Wastewater surveillance has turned up evidence of the newest Omicron subvariant EG.5 in Kingston, but no official cases have been documented, according to a local expert.
The COVID-19 variant found in local wastewater is determined to be more infectious than the subvariants currently circulating, says Stephen Brown, co-director of the Queen’s University wastewater surveillance lab.
“Once it’s more infectious, then we expect it to eventually take over as the main variant just because people are going to catch it faster than the other ones,” Brown said in an interview.
After the appearance of the EG.5 variant in Ontario earlier in the summer, the Queen’s University chemistry professor said it was expected to be seen in Kingston sooner rather than later.
But its appearance is less cause for alarm than when Omicron first made made it to the city back in late 2021.
“When Omicron first came in, it was really dramatically different than the previous types of COVID, which would have been the Delta variant,” Brown said.
“It took over really quickly and people didn’t have a lot of immune protection, even if they had had COVID previously,” he continued.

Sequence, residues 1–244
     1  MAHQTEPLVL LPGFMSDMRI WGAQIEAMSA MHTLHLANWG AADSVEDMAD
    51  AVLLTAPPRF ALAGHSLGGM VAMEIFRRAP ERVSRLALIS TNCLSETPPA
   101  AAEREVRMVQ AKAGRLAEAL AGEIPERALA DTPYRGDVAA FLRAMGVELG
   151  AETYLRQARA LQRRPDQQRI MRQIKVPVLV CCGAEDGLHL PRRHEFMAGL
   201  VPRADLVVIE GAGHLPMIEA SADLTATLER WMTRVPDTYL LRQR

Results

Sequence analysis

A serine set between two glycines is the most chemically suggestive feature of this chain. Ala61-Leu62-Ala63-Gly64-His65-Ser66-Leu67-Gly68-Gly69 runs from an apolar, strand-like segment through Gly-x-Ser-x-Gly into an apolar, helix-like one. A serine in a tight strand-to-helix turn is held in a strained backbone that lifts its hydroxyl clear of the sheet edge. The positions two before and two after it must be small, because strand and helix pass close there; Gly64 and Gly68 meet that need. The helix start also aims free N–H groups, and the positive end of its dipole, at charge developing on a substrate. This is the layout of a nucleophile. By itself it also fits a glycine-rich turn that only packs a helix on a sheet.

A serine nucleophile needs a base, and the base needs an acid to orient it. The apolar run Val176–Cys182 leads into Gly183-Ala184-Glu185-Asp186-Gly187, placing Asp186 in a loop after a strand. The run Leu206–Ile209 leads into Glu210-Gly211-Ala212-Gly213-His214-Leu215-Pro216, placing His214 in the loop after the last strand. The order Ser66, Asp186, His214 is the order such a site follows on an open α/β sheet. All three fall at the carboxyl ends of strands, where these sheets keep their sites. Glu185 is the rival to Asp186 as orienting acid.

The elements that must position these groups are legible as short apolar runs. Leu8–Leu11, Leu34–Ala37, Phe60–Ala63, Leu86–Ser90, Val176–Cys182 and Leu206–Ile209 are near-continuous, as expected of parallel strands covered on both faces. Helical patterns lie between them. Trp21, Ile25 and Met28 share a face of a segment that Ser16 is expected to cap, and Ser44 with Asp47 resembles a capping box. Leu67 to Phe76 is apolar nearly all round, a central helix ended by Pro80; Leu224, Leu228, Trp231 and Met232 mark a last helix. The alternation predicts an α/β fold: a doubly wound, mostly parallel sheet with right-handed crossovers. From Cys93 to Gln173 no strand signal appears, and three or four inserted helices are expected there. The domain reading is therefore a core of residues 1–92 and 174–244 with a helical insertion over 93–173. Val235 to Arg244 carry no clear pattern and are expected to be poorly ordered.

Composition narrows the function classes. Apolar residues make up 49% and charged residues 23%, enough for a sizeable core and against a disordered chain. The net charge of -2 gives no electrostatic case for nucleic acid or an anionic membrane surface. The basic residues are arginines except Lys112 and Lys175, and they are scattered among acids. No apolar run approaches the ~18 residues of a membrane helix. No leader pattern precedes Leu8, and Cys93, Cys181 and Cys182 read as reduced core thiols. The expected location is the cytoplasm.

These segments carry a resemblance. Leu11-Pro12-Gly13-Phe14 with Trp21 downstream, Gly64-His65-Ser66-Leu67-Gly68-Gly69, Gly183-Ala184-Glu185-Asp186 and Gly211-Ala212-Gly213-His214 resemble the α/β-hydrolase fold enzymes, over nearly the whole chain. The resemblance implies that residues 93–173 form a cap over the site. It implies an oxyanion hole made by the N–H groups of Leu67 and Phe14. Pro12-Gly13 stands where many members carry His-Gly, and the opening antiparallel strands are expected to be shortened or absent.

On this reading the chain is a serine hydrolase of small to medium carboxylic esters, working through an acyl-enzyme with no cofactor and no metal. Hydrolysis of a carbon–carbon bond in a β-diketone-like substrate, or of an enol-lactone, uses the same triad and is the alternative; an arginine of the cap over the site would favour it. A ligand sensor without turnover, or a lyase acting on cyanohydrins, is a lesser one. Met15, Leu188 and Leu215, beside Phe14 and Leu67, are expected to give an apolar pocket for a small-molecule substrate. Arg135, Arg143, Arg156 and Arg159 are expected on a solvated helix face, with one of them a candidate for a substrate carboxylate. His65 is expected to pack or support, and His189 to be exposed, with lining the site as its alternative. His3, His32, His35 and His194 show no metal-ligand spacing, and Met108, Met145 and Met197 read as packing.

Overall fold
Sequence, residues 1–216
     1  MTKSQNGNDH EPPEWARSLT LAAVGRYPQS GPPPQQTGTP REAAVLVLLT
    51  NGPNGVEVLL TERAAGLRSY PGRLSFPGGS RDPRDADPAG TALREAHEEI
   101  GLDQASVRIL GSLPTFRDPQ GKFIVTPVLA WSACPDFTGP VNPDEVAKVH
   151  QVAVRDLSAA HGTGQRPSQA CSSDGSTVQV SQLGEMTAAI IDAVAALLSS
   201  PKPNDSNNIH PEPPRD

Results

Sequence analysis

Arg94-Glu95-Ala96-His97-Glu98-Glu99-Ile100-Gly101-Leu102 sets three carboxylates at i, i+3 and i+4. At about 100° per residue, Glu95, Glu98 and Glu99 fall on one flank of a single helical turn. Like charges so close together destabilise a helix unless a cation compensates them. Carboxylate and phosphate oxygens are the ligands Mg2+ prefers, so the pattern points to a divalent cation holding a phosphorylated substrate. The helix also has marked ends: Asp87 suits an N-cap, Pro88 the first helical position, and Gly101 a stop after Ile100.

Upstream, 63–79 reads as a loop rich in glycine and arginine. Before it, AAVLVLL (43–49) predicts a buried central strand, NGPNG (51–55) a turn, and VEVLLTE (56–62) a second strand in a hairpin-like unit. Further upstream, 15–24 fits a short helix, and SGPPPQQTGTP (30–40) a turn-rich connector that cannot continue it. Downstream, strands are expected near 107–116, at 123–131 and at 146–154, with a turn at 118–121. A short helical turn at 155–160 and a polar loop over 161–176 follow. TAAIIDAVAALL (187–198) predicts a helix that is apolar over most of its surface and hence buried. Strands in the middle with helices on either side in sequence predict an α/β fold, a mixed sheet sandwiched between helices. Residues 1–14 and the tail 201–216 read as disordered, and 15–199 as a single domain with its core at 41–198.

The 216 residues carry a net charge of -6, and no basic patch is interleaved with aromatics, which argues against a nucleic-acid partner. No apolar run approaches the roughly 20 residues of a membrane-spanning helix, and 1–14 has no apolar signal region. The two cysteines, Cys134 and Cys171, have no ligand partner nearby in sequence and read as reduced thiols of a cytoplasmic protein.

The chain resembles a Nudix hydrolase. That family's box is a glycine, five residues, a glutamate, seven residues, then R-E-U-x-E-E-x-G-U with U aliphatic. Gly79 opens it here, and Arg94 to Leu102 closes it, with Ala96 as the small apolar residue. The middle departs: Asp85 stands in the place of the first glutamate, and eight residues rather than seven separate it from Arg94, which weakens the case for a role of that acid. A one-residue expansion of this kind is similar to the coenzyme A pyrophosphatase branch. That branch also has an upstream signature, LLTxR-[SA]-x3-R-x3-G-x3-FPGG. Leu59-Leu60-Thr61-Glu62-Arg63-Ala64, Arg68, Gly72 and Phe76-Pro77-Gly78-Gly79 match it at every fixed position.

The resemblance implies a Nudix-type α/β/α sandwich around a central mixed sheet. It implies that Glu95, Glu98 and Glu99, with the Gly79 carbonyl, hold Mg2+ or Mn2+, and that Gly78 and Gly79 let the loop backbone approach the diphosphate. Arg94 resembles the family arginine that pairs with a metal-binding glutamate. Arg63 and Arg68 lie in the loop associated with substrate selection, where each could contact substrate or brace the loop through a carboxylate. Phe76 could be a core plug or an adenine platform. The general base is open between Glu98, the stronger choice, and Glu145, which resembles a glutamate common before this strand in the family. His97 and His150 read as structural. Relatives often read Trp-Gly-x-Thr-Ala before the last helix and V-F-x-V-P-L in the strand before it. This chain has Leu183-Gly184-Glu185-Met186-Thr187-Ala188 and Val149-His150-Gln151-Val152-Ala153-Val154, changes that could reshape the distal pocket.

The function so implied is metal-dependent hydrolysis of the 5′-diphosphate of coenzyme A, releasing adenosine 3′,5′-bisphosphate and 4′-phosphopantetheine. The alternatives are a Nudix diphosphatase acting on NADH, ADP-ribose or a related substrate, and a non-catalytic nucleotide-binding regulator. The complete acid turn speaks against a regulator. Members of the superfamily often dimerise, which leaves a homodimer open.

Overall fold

Since Omicron swept through the country, immunity has skyrocketed.
Brown referenced a recent article published in the Canadian Medical Association Journal that found that “most people in Canada had acquired antibodies against SARS-CoV-2 through natural infection and vaccination.”
Brown said that was in part due to the pervasiveness of Omicron, which spread so rapidly across the nation.
Omicron was also the Kingston region’s first time dealing with a large number of people being infected with COVID-19. Prior to its appearance, Kingston had remained relatively unscathed compared to other parts of the country.
“When we were doing wastewater tracking, when Omicron came in, the wastewater virus levels went up like a factor of 10 and a couple of weeks,” Brown said.
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The Queen’s researcher said this is currently not the case for the EG.5 subvariant.
“The overall amount of COVID in the wastewater is not increasing dramatically,” Brown said.
He said the amount is going up slowly, which is to be expected when tracking a slightly more contagious virus.
Brown said overall, the evidence of the new subvariant is not overly concerning, but it does show the benefit of doing this kind of research even after the pandemic has ended.
“We still have people dying from COVID and we will probably have an increase in the number of deaths from COVID in the fall as those levels go up and more infectious variants come in,” he said.
“It’s still an important issue, even if everyone on the street isn’t talking about it the way they were a year or two ago,” he said.
Brown said that his lab will be monitoring for both the flu and COVID this fall in order to help public health officials tackle both viruses in the colder months.
-with files from Global News’ Fawwaz Muhammad-Yusuf
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